"Professional Software Development" - book review
Last week I read Professional Software Development by Steve McConnell, which is a heir of his book After the Gold Rush from 1991. I also found a bunch of his articles written as an IEEE Software editor, incorporated neatly in the book.
This was my first book to read by this well-respected author and software professional. I was actually initially planning to start with his fundamental Code Complete book. While I am writing this post I see that Steve had recently an interview on MSDN TV about the updates in the second edition of Code Complete. But a friend of mine gave me a .CHM version of the Professional Software Development which I finished in a rush for just two days. The reading experience was really smooth though at some rare places the book loses pace.
So the book presents an interesting overview of the software industry and promotes the concept of Software Engineering as a set of proven practices which are widely used in the more productive and successful companies. In the start of the first part (out of 4) "The Software Tar Pit" the author makes a parallel between software development and building the Pyramids. Unless you "pave your way" well you will have tough time completing such a tremendous job. I am also a great fan of the saying "work smart, not hard". The truth is that in SW development things are a bit more sophisticated than in moving around rocks, but the principle applies. The inertia of "code-and-fix" development and the lack of understanding what are the basis for successful projects are the reasons why the difference in productivity between the best and the average SW companies reaches absurd numbers as 10:1 or more.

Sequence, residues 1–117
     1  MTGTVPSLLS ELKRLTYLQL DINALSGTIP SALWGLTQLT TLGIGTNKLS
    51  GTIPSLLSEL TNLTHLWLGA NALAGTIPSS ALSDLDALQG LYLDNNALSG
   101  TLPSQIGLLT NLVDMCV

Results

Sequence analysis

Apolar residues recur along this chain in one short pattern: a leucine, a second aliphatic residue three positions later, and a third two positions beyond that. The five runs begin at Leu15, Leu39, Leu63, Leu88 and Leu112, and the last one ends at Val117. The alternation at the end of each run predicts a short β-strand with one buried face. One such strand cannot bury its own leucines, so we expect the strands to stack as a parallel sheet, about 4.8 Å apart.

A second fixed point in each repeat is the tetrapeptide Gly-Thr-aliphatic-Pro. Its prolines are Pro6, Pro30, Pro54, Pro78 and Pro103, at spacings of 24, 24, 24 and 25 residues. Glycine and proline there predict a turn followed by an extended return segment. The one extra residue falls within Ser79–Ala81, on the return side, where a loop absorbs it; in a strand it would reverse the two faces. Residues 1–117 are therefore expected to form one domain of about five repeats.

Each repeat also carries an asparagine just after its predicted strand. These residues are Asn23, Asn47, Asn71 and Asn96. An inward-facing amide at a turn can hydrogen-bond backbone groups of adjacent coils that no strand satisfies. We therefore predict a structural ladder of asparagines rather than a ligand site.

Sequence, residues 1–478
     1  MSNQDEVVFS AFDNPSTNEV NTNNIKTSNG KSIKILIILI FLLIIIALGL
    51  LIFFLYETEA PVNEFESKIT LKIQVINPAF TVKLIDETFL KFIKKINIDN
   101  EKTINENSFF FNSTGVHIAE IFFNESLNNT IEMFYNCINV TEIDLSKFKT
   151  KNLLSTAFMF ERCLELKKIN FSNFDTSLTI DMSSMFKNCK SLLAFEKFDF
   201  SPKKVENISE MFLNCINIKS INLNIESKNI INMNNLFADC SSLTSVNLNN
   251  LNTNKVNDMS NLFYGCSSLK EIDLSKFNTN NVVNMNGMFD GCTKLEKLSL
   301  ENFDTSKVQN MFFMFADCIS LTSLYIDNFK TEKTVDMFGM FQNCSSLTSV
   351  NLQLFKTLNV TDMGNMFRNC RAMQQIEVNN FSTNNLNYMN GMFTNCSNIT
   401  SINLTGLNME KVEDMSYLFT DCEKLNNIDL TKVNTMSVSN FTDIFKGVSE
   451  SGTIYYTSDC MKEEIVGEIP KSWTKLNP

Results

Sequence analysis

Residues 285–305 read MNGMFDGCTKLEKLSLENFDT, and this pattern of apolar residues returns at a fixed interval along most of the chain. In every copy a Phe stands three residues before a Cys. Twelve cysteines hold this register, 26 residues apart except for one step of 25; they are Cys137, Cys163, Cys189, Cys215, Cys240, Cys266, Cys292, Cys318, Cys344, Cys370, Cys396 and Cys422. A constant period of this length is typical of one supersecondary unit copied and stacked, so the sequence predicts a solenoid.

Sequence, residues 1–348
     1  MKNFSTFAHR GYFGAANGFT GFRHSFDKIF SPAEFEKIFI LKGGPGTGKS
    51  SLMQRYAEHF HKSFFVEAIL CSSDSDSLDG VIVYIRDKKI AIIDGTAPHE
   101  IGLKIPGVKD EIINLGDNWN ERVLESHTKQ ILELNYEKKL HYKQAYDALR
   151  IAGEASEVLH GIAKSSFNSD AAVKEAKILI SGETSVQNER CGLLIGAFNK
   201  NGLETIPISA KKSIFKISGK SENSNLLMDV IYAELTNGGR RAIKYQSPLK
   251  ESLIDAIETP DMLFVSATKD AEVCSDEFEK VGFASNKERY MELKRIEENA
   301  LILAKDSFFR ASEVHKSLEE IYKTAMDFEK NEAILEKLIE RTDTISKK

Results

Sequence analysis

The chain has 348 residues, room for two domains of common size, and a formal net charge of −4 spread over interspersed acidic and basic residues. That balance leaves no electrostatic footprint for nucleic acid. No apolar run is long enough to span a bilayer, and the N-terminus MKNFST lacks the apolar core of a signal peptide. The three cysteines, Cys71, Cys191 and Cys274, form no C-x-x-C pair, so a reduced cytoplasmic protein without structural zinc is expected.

I appreciate the global picture presented in the book. It was nice to know how many programmers are out there in the world and how many of them have a diploma :) Did you know what is the percent of project success and failures? Based on such statistics and mainly on his vast SW experience, Steve McConnell provides a good summary of his vision about the development of the industry and the individual development of programmers (some of which are evolving to software engineers).
I liked very much his insights about why companies like Microsoft succeed, while not being strictly process-oriented (vs empowering their employees to a great extent). I think though, that Microsoft is or will be changing its internals since having 50 000 employees is a serious organizational challenge (listen to Joel Spolsky on IT Conversation for more on the topic). But I would not worry about yje prosperity such a giant in the field, so let's leave it alone.
One of the controversial points in the book is about certification and even licensing of software professionals, which turned out to be enforced in the state of Texas. Steve says that this will probably be the future as the industry is getting a bit more mature. There are many "pro" and "anti" arguments on the topic. McConnell tries his best to prove his point and answer the pessimists. Quite provocative ideas...
So, my overall opinion on this books is 4.5/5 stars (I read so rarely that I can not be too critical :)). So go and read it if you want to see the big picture and find extra motivation to keep improving your professionalism.
P.S. if you are interested in a printed copy of the .CHM don't hesitate to ask for one (I don't know what to do with all these pages cause I usually don't do rereads).